Prognosticators: Prognosis is worse with: a. the earlier the age of onset, b. the longer the duration, c. the more intense or frequent the bouts of aggression, especially if intensity or frequency is increasing with time.
Cure v. control: Aggression, like diabetes, is not curable, but, may be controllable in the majority of cases. In a retrospective analysis of prognosticators of aggressive cases seen at VHUP, client compliance and extent of effort was the single best determinant of success. A dog that both the behavioral specialist and the owners feel is greatly improved and with whom the owners are comfortable and content to live is a success. Because of the potential danger and liability involved, everyone involved in treating an aggressive animal must be realistic about what to expect, and what they want and can handle. Requirements vary from one household to the next. A dog that could live safely and non-aggressively in a childless household may not be able to do so safely in one with children. It would be unfair and perhaps, dangerous to guarantee absolute reliability in any dog, including those treated for aggression. A dog could appear "cured", but relapse if clients cease to reinforce the dog's appropriate behaviors. In the case of dominantly aggressive dogs, such reinforcement may mean never letting the dog succeed with subtle, non-aggressive signs of control, like pushing.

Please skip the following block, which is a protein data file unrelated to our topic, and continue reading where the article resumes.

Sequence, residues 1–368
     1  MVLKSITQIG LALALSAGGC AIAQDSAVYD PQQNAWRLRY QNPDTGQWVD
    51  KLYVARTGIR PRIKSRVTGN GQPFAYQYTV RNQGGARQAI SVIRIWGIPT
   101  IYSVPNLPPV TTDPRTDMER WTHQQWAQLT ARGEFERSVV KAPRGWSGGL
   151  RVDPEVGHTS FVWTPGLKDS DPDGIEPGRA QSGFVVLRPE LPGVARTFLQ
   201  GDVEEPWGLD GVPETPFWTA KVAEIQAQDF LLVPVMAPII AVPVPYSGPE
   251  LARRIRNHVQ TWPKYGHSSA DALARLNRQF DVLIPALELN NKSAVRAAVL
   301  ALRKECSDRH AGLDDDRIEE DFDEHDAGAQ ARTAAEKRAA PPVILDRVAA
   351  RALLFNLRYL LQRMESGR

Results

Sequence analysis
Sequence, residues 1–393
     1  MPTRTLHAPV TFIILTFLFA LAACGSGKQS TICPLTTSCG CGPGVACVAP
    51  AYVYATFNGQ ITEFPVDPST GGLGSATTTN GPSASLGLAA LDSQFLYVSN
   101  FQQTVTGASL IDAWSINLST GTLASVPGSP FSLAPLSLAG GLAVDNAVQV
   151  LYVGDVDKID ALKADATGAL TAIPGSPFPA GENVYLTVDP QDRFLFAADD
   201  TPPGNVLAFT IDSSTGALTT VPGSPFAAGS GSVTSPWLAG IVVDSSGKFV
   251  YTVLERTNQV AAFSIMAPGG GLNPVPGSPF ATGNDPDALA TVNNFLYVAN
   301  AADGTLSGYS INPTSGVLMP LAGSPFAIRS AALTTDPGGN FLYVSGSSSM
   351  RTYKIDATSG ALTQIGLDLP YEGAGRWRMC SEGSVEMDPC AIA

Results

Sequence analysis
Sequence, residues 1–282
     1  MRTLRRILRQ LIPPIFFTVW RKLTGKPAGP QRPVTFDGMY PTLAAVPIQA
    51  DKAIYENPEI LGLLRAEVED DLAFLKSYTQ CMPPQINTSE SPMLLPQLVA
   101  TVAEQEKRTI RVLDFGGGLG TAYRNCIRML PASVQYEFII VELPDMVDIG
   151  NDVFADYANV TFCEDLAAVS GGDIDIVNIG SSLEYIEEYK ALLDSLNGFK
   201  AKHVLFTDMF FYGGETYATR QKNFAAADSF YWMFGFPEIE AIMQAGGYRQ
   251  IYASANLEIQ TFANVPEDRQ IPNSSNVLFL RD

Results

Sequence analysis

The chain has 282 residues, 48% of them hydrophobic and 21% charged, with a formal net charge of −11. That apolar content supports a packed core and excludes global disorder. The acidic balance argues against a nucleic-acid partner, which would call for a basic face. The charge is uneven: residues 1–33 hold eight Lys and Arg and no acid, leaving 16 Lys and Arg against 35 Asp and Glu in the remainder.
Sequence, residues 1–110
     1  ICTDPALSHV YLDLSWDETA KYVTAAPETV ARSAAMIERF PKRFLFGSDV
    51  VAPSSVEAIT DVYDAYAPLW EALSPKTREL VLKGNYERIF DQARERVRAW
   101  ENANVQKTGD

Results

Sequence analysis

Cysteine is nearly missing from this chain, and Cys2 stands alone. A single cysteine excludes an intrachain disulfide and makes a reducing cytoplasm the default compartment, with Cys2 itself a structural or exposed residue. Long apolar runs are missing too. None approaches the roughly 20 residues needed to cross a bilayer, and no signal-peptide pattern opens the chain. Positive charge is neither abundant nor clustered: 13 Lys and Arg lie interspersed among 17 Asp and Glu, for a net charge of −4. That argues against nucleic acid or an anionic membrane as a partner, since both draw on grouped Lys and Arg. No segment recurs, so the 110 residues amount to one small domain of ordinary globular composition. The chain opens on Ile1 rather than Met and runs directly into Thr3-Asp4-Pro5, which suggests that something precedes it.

Until clients can seek qualified help, they should avoid circumstances known to precipitate the specific aggression. With therapy it may be possible to desensitize the dog to circumstances to which it reacts aggressively, but avoidance is key in minimizing danger.
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Diagnostic Correlates of Aggressive Signs: Canine Aggression Screen
NR=no reaction; SL=snarl/lift lip; BG=bark/growl; SB=snap/bite; NA=not applicable
Please note if the reaction is consistent or only to one person or in one circumstance. Also note if the dog has been worsening in one category.